Hey everyone,

Don’t forget to fill out your homework log. Happy practising.

Rob

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Kaden

In our lesson, we talked about prioritizing playing in time with the recording/band, even if it’s flawed. The worst thing you can do is be out of sync with whoever or whatever you’re playing with. There is one good way to play in time consistently: listen. Listen really hard. In a group setting, your playing is not as important to listening because your best playing can only come from listening. If you can’t listen because you can’t hear what other people (or the recording) are playing, you need to play quieter. Playing quiet is harder than playing loud – I know, so let’s start working on it now.

Basic Beats 5 – 7 (Play along to All Time Low by Jon Bellion)

Triplet Exercises

  • At first, play along to “Gravity” by John Mayer; the hi-hat in the recording is playing triplets.
  • As you get better, play along to a faster tune: “Texas Flood” by Stevie Rae Vaughan.
  • This will help you to get started with playing jazz. Triplets are essential to jazz.
  • The blue text is what you should count as you play.
  • Play the bass drum on every quarter note, even though it’s not written on the page.
  • Play the hi-hat with your foot on beats “2” and “4”.
  • You can play which ever drum (or drums) you want with your hands.
  • Pattern 1: These are called 8th-note triplets. Alternate your sticking (R-L-R-L, etc.).
  • Pattern 2: Right hand only, but tap the rests on your thigh with your left hand.
  • Pattern 3: Sounds the same as Pattern 2, but written as quarter-note triplets (two 8th notes = 1 quarter note, so two 8th-note triplets = 1 quarter note triplet).
  • Pattern 4: Right hand only.
  • Pattern 5: The green letters below the notes indicate the sticking (left hand/right hand)

Mateo

If your mom has any questions about renting a drum kit, she should call the school. They would be happy to help and answer any questions. You must have a drum kit to practise on. A lot of the progress we make in lessons is lost if you don’t practise for a whole week.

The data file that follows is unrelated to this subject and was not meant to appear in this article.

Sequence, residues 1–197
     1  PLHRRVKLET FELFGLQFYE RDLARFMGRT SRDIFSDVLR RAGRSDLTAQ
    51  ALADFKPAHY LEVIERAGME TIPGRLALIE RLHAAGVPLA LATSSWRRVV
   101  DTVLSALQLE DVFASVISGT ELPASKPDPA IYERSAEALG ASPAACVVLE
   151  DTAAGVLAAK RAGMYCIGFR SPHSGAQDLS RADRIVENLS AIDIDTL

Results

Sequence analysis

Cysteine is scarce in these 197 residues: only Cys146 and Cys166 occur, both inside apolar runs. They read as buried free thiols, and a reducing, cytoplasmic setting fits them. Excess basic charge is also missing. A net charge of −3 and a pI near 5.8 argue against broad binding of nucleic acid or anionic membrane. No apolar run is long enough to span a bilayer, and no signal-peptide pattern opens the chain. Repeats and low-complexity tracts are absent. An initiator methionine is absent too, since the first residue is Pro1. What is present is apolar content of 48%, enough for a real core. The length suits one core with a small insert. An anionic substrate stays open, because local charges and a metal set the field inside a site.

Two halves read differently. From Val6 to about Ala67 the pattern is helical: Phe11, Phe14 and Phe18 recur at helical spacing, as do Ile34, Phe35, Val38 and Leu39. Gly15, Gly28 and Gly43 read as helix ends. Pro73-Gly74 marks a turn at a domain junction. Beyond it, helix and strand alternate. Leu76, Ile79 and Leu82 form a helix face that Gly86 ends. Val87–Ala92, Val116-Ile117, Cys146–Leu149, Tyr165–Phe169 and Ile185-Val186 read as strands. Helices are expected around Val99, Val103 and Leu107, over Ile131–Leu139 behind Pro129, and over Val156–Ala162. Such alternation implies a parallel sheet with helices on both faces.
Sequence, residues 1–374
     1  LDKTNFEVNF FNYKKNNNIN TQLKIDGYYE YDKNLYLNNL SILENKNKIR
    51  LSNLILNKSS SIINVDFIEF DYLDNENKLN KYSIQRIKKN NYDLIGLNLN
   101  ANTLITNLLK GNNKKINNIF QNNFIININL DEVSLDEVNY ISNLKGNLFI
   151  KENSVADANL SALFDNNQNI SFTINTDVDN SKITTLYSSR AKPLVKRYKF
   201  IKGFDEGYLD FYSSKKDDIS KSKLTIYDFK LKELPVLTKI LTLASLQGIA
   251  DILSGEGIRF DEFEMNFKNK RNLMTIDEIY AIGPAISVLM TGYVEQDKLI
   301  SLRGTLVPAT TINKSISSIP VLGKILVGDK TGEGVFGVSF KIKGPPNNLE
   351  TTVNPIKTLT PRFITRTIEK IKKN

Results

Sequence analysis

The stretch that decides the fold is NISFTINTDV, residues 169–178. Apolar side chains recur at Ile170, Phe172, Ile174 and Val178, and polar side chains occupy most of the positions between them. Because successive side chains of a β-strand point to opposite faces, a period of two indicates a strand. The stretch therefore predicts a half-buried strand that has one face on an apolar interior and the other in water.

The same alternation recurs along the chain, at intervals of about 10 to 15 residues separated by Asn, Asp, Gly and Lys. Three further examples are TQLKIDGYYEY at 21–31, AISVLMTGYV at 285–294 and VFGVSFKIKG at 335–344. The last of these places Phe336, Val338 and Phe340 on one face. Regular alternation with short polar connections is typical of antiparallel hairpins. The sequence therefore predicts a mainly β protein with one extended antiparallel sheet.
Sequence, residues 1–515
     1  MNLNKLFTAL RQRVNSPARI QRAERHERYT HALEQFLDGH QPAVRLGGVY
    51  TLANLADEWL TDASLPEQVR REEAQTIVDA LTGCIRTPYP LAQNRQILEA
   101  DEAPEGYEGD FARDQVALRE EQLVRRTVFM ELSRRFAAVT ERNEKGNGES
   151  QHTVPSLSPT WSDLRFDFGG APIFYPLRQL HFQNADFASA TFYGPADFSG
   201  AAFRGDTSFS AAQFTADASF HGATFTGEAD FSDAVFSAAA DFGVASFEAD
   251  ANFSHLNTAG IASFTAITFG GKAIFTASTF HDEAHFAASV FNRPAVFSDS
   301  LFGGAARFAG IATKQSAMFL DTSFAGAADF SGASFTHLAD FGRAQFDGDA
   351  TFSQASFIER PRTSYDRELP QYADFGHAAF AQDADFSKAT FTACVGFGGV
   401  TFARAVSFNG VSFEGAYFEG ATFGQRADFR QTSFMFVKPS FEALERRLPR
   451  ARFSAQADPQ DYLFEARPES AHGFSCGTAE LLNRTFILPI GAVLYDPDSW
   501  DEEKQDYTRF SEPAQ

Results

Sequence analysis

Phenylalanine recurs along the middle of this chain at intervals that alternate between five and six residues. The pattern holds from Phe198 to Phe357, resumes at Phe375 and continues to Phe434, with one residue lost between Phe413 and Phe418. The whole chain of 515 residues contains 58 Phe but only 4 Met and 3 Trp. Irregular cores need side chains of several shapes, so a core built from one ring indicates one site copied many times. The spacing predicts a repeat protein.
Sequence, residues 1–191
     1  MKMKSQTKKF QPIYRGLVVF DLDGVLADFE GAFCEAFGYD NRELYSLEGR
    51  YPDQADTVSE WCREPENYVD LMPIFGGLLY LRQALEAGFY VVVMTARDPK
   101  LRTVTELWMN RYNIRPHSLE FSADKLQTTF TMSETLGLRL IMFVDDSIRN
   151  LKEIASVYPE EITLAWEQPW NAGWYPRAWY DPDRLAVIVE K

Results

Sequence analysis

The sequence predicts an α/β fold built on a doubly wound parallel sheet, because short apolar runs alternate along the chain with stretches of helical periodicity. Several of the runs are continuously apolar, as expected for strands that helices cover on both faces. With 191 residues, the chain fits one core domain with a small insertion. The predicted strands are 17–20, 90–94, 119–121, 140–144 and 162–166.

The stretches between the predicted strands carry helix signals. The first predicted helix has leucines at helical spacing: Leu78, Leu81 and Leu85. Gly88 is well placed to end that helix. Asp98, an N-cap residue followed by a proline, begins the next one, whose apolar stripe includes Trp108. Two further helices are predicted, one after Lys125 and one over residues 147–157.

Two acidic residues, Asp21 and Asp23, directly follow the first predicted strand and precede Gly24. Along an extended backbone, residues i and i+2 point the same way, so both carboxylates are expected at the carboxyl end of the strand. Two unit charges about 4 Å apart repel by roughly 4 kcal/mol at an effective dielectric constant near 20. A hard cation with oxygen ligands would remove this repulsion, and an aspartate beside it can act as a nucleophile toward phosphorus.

“1, 2” Pattern

  • Play along to this: 
  • Count “1, 2” out loud. You should be counting at the same speed that they sing “Sponge-bob-square-pants!” (count “1” on “sponge” and “square,” and “2” on “bob” and “pants”. Be sure not to only count during that section of the song; you should be counting throughout.

“1 + 2 +” (1 and 2 and) Pattern

  • When you see a plus sign (+), it just means “and”.
  • Count “1 + 2 +” out loud.
  • Play the hi-hat on everything (1, and, 2, and).
  • When you’re ready, add the bass drum on beat 1.
  • When you’re ready, add the snare drum on beat 2.

Ella

Activity 1:

Play all Basic Beats along to Hotel California.

Activity 2:

This exercise will give you the hand speed you need to play Hotel California comfortably and confidently. Using the finger technique, play one bar (four beats) of 16th notes on the hi-hat with your right hand followed by one bar of quarter notes. Once you have mastered this, play two bars of 16th notes followed by two bars of quarter notes. Then do four bars each.

Play along to a metronome at 55 bpm (beats per minute). If you don’t have a metronome, you can use this online one. Remember: the metronome is clicking the quarter notes and there are four 16th notes in a quarter note, so you must play four 16th notes every click. Once you’re comfortable playing at 55 bpm, move up to 60. Once you’re comfortable at 60, move up to 65. Then 70. Then 75. Don’t go higher than that.

Activity 3:

Play along to the recording of Hotel California. You don’t need to play it exactly like they do. You don’t have to do drum fills or hit the crash cymbal if you don’t want to, but at least play the main beat.

Sylvie

Great job on keeping the hi-hat closed with your left foot!

Remember to only move your wrists when you hit the drums. When playing the bass drum, always keep your foot on the pedal and bend your ankle when you want to hit it. Only move your ankle – not your whole leg

Activity 1: “1 + 2 +” (1 and 2 and) Pattern

  • When you see a plus sign (+), it just means “and”.
  • Count “1 + 2 +” out loud.
  • Play the hi-hat on everything (1, and, 2, and).
  • When you’re ready, add the bass drum on beat 1.
  • When you’re ready, add the snare drum on beat 2.

Activity 2: Single and Double Stroke Rolls

  • Practice your single stroke and double stroke rolls. Play along to a metronome. See how fast you can get them!
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